Modeling and Simulation Group Meeting Old

Some tools for scientific computer graphics

Speaker: Sophie Marbach, Georg Stadler, Aleks Donev and Brennan Sprinkle

Location: Warren Weaver Hall 1314

Date: Thursday, February 18, 2021, 12:30 p.m.


1. Sophie Marbach: Enhancing the quality of your figures in papers and presentations

Basic tools
Most of us use powerpoint, keynote, or fancy coding in our favorite figure generating software (TeX, python, etc), to create figures for papers. There's a bunch of drawbacks to that, such as figures either not being easily editable a posteriori, or figures not being in high resolution/vector format.
Adobe Illustrator ( -- available as part of NYU, on Windows and iOS) and Inkscape ( -- free, available on all platforms) are two of the most used softwares in the scientific community to design vectorized figures for papers. The learning curve is not so steep (self teaching works if you're prepared to try a lot of buttons, and youtube has many tutorials Possibilities are endless. I use it mainly to
- have figures in the right format for papers and looking good with well aligned plots
- extract curves from a plot so I can show them appearing 1 at a time in presentations
- change the position/color of labels to meet exactly my needs
- add indicators on graphs such as slopes in loglog plots etc.
- take the elements I want and copy/paste in my presentations
- add shaded areas on plots to show different regimes
Other simple tools worth knowing
The noun project ( contains a huge library of background free (black designs are free) .svg or .png icons to enhance the quality and vivacity of your presentations.
Biorender (trial is free, then there's a not too expensive ~50$ fee/year) is widely used for bio related sketches. It contains a ton of very good looking shapes (DNA, cells, neurones, capsides) that allows to easily create very pedagogical sketches (
Adobe Fresco ( -- available on iPad, iOS and Windows, recommended on iPad) allows to draw vector sketches ( They can be saved in vector format and later edited using your favorite figure editor software (changing the color, sizes, and so on). I use it for high quality sketches in papers and talks, it's very convenient because you can really just draw the sketch on your iPad and it ends up looking good even if you don't have specific drawing skills.
3D illustrations
Blender ( -- free, available on all platforms) allows to design 3D graphics; it can be used for 3D representations/sketches of the systems you study, or taking the 3D data points constituting your domain boundaries and having them assembled in a nice movie. As this is an advanced software, there is a steep learning curve, but it's quite easy (though time consuming, consider at least 2 days) to follow this online class ( The cool thing about blender, is that once you know how to make things look good, you can easily interface it with Python (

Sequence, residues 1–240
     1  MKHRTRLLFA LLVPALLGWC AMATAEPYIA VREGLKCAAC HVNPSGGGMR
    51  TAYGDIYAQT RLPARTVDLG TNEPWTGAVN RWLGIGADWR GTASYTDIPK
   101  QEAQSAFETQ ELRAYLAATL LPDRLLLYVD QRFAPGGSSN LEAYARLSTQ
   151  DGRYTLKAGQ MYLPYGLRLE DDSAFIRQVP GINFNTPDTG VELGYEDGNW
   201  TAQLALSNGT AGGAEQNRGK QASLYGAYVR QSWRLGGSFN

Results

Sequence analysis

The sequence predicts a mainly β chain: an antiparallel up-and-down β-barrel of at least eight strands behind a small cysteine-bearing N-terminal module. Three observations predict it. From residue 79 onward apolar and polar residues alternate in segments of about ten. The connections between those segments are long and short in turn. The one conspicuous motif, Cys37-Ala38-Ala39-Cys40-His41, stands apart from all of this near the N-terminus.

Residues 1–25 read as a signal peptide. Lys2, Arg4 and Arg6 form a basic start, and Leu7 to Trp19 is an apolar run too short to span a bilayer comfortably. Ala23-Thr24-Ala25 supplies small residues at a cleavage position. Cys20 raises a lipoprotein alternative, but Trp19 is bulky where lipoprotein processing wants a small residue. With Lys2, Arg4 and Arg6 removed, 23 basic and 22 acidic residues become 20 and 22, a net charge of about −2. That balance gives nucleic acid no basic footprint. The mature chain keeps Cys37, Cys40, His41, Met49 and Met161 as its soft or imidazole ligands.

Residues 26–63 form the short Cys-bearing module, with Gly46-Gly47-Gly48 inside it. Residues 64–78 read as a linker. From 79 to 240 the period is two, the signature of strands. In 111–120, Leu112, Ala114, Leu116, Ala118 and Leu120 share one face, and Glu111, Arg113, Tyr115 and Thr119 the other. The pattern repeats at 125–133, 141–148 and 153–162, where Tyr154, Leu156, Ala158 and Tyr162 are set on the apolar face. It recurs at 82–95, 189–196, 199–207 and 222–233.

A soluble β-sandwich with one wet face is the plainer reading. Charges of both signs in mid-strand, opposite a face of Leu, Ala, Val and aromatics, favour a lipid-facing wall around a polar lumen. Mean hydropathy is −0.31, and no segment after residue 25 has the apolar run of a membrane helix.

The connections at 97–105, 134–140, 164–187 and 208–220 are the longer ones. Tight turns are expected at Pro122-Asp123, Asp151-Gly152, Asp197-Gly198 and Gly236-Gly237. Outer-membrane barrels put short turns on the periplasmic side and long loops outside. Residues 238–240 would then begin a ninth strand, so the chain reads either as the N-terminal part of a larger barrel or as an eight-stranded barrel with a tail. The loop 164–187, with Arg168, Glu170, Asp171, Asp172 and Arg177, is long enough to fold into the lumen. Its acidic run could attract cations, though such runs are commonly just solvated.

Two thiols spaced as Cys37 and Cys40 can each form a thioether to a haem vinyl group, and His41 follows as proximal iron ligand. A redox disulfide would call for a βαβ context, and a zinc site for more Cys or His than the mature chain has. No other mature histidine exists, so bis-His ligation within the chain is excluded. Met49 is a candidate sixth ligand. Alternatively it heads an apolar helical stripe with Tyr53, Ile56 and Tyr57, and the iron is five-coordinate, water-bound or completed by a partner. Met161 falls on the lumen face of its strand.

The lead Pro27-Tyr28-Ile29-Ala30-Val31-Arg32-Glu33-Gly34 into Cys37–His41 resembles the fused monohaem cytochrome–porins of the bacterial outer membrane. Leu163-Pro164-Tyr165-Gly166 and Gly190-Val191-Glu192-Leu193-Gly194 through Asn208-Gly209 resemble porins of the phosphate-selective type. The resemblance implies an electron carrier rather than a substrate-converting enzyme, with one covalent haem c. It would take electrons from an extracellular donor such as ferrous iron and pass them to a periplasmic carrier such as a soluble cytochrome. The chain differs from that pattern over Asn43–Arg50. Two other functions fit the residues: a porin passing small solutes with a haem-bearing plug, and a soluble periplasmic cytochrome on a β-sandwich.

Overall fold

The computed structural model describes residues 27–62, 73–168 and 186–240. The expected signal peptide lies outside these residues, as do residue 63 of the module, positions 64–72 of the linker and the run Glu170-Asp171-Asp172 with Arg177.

2. Georg Stadler: Plots in LaTex

TikZ and PGF (, are standard LaTeX package that allow to make clean plots and graphics directly in LaTeX. There’re many examples to start with ( It’s powerful and well documented (overview slides: I mainly use it for high-quality line graphics in papers and talks. All journals and the arXiv allows submissions that include TikZ/PGF.


3. Aleks Donev: Hardware rendering for OpenGL

I will explain briefly what OpenGL is (including the Mesa implementation), and demo some tools for testing the speed of your graphics hardware, which is crucial for efficient 3D real-time graphics (on ubuntu, install the package glmark2). You are unlikely to call OpenGL directly yourself (and if you do, you will need at least a window manager tool like freeglut or GLFW), and instead you are more likely to use it indirectly via other software (see next two demos) or via a library like VTK, which "adds a rendering abstraction layer over the underlying graphics library (OpenGL for the most part). This higher level simplifies the task of creating compelling visualizations...In VTK, 3D widgets, interactors, and interfaces to 2D widget libraries like Qt enable you to add comprehensive user interaction to your programs."


4. Brennan Sprinkle: Raytracing for high-quality 3D rendering with Plotoptix, a simple to use python package for high fidelity data visualization. It uses a lighting algorithm called 'ray-tracing' which is computationally expensive but produces very realistic looking results. It's typically best suited for visualizations involving simple geometric objects like spheres, quadrilaterals, space-curves, or surfaces of the form z = F(x,y). In these contexts Plotoptix provides easy presets to make plots look great with minimal effort.

For molecular-type models involving particles, see the tool ovito.


3. Aleks Donev (if there is time left): Scientific dataset visualization

I will very briefly demo the scientific dataset visualization software VisIt, but also see Paraview (which is based on VTK).